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Easy Like Sunday Morning

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Derek wakes on Sunday morning with the dawn. Beside him, Stiles is still sleeping, his mouth wide open and little snorts and snores escaping him as though he’s a tiny, twitching piglet. Stiles swears black and blue that he doesn’t snore—Derek is going to record him one night. He slips out of bed, changing into his track pants and T-shirt before grabbing his socks and shoes. He puts them on in the kitchen, before grabbing a water bottle and filling it from the tap in the sink. Then he finds his phone, brings up his playlist, and puts his earbuds in. He checks he has his key, then eases the door shut carefully behind him as he leaves the house.

He turns the volume on his music up, and hits the pavement.

The house is what the agent referred to as a perfect starter home: a two-bedroom California bungalow with a yard the side of a postage stamp. Stiles has tried to grow flowers in the eight months they’ve lived there, but at this point he’s just sacrificing the new ones on the burial grounds of their forebears. He’s not a gardener, and it amuses Derek how much that seems to offend him.

“They’re geraniums! Look! It says they’re supposed to be hardy perennials! This time I won’t kill them!”

The geraniums had lasted about three days.

“Stop dying, you motherfuckers!”

Derek grins as he runs.

Dawn brightens, the last of the stars fading in the day’s new light. Derek passes one or two other runners in this little neighbourhood that’s come to feel like home, the faces and the houses and the scents all familiar to him now. He reaches the street that leads to one of the Preserve’s many running tracks, and stops to shake out his limbs before they cramp, but decides not to tackle the Preserve today. Not when he’s got Stiles waiting for him at home in a warm bed.

He turns toward home.

There was a time when running for Derek just meant that he was being chased by something; it’s only in the last few years that he’s started to actually enjoy it. It clears his head and centres him. It lets him breathe, and just be. Anger was Derek’s anchor once, but not anymore. Stiles is his anchor now, and he is everything, but the ocean inside Derek is a lot calmer these days too. Running has helped with that. So has the fact it’s been at least a few years since a supernatural shitstorm hit Beacon Hills.

Is this what a normal life feels like? Because Derek likes it a lot.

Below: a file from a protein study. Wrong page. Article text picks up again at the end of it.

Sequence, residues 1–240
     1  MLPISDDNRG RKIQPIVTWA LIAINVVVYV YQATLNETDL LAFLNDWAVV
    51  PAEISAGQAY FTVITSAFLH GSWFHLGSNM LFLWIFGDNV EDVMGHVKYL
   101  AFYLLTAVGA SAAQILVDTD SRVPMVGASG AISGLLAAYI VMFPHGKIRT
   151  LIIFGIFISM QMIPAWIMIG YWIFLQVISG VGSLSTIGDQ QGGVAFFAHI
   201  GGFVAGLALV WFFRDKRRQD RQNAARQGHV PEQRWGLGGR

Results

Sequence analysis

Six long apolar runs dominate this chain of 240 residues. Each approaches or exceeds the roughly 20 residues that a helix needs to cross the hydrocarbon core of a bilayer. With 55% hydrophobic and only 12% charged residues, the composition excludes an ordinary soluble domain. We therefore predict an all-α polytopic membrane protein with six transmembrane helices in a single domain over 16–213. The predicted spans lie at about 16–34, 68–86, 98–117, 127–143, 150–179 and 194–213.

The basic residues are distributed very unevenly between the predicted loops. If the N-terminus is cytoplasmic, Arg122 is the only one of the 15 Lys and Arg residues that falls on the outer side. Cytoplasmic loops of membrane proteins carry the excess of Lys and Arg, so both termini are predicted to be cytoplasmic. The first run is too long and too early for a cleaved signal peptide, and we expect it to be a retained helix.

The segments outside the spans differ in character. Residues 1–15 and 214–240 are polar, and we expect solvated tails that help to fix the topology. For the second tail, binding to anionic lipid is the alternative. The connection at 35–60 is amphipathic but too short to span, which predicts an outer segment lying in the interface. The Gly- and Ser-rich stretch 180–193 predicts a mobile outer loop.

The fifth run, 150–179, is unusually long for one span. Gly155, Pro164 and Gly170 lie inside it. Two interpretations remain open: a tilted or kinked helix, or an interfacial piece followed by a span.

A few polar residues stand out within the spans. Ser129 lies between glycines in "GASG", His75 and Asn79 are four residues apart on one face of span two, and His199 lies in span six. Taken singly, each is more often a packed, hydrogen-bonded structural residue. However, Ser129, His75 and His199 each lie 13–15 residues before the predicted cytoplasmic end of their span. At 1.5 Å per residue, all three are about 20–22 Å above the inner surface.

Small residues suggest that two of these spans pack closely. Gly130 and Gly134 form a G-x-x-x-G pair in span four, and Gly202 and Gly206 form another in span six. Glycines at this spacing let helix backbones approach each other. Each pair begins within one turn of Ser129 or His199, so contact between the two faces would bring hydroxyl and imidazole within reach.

He’s passed the point in his life where he thinks he doesn’t deserve a happy life, and that’s been a hard realisation: that there’s no rhyme or reason to the universe. Things don’t happen for a reason, they just happen. Bad things happen to good people, and good things happen to bad people, and they happen whether the recipient believes in an interventionist higher power or not. Derek no longer worries that he hasn’t earned this life, he just wants to hold onto it for as long as the universe allows. Forever, if he can, because for the first time in years he’s actually happy.

He smiles at the dead geraniums when he reaches home, and walks up the path to the front door. He slips his key into the lock, but the door opens before he turns it, and Stiles is there, leaning in the doorjamb and blinking at him sleepily.

His sleep pants are hanging from his hips, and his old T-shirt has more holes in it than a sieve. His hair looks like he’s been dragged backwards through a hedge, and the hedge definitely won. His smile is slow and dozy.

“Hey,” he mumbles, and shuffles into Derek’s embrace.

Stiles is not a morning person. Derek’s sure he’s not even particularly awake right now as he nuzzles into Derek’s throat like a baby animal seeking shelter.

“I’m sweaty,” Derek murmurs in warning.

“Hmm.” Stiles doesn’t seem to care. “You’re warm.” He snuggles closer, and then, “Yeah. You kinda stink.”

“Told you.” Derek presses a kiss to Stiles’s temple, and extracts himself carefully from their doorway cuddle. “I’m going to have a shower.”

“’kay.” Stiles shuffles off.

Derek heads for the bathroom, stripping off and stepping into the shower. The hot water feels good, easing the tightness in his muscles from his run. He showers quickly, his stomach rumbling in anticipation of breakfast. When he’s done, he pads down the hallway to their bedroom, his towel tucked around his hips, to get dressed.

Stiles is back in bed, curled up like a pill bug. He flashes Derek a sleepy grin, and reaches out for him, opening and closing his hands.

Derek arches a brow.

“Grabby hands mean come here,” Stiles says, almost swallowing the words in a yawn. “Come here, Der.”